“We’ve seen this done almost entirely without fans, with kids living alone in dorm rooms and hotels, having their meals brought to them and getting swabs stuck up their noses every time they walk into an arena. Here we are in March talking about Drexel and not Duke, Kentucky and Louisville.

“That’s what makes it great. Unlike almost every other sport, where the favorites predominate, because they have the best players, in college basketball one 40-minute game is played with 70 possessions. In an NBA playoff series, over seven, 48-minute games, where there are 700 possessions, the 700 outcomes are going to be more accurate and 70 is more random.

“It’s why UMBC can upset Virginia and why the Minnesota Timberwolves can’t beat the Los Angeles Lakers.”

Lunardi likes Drexel as a No. 15 seed, while Villanova will probably be a No. 5, but could drop to a No. 6, hurt considerably by the loss Big East co-MVP senior point guard Collin Gillespie (with Seton Hall’s Sandro Mamukelashvili and Villanova teammate Jeremiah Robinson-Earl). Gillespie’s season ended last week with a torn ligament injury in his left knee.

Villanova was the No. 3-seed range before the Gillespie injury and the Georgetown loss.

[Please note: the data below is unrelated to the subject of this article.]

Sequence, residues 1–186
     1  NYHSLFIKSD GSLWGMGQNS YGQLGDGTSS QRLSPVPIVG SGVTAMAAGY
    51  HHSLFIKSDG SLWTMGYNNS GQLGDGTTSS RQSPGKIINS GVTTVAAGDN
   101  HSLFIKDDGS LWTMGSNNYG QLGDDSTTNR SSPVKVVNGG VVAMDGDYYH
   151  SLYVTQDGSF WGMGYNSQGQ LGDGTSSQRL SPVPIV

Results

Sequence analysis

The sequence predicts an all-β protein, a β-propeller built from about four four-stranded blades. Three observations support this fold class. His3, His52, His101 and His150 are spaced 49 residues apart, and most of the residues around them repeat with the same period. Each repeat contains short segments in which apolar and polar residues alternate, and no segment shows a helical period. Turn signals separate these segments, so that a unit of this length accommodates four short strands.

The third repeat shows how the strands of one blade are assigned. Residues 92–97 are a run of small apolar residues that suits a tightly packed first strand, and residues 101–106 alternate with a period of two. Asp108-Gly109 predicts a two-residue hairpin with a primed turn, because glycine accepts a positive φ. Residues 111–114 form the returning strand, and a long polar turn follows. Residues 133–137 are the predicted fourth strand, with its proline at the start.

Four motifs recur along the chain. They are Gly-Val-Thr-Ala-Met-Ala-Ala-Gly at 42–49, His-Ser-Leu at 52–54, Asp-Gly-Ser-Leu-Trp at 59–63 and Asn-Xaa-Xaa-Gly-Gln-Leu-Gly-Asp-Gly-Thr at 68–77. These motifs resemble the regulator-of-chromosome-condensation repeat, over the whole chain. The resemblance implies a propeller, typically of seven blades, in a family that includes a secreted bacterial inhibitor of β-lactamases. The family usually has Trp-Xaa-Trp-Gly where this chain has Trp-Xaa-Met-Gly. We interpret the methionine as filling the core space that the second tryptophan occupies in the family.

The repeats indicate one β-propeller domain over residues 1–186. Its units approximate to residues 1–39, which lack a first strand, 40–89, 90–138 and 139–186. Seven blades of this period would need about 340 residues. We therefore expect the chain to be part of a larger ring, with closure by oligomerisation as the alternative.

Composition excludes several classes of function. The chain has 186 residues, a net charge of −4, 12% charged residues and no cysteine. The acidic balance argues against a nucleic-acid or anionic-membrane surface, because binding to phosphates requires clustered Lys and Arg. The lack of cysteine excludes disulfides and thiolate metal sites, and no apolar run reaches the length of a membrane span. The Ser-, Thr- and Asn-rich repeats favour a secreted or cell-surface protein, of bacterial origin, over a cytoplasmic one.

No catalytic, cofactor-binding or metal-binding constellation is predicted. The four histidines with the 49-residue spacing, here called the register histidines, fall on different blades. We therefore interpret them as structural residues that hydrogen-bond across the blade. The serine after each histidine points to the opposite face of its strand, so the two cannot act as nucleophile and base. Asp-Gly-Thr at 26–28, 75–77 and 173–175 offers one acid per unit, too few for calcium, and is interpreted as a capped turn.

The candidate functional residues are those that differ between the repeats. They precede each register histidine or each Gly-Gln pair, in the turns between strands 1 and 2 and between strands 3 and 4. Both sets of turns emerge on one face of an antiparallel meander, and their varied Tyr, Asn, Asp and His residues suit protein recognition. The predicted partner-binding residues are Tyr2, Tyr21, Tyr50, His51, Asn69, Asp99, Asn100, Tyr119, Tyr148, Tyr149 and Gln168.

The four No. 1 seeds will Gonzaga, Michigan, Illinois and Baylor.

Teams that could be worth watching, according to Lunardi, are Western Kentucky and the Hilltoppers’ 6-11 center Charles Bassey, Michigan State, which could be a double-digit seed, and Big South champion Winthrop and the Eagles’ 23-1 record, which has the nation’s second-best winning percentage behind Gonzaga.

In the end, Lunardi will not waver from what he originally said before the season: He likes Baylor over Gonzaga in the finals.

The Zags are currently betting favorites, according to Unibet, at +250. Baylor is not far behind at +275. You can see all the current NCAA title odds tight here.

“This is what we know historically about the tournament, when the tournament went to 64 teams in 1985, there has only been one time when all four No. 1 seeds reached the Final Four (2008, when Kansas, Memphis, North Carolina and UCLA made it),” Lunardi said. “That tells you being the No. 1 is no guarantee for anything. If the four No. 1 always made it, no one would ever watch.

“I love Gonzaga. I love the way they play. They basically say to you we have more skill than you. We know we have more skill than you. We’re going to play faster to give that skill the greatest opportunity and if you can keep up great. We’re going to go get 90 — see if you can catch us. Having said that, I publicly picked in November before the season started for Baylor to beat Gonzaga in the championship game. I think Baylor can keep up enough to let their defense grind Gonzaga’s gears a bit. I could see it.”

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Joseph Santoliquito is an award-winning sportswriter based in the Philadelphia area who has been writing for PhillyVoice since its inception in 2015 and is the president of the Boxing Writers Association of America. He can be followed on Twitter here.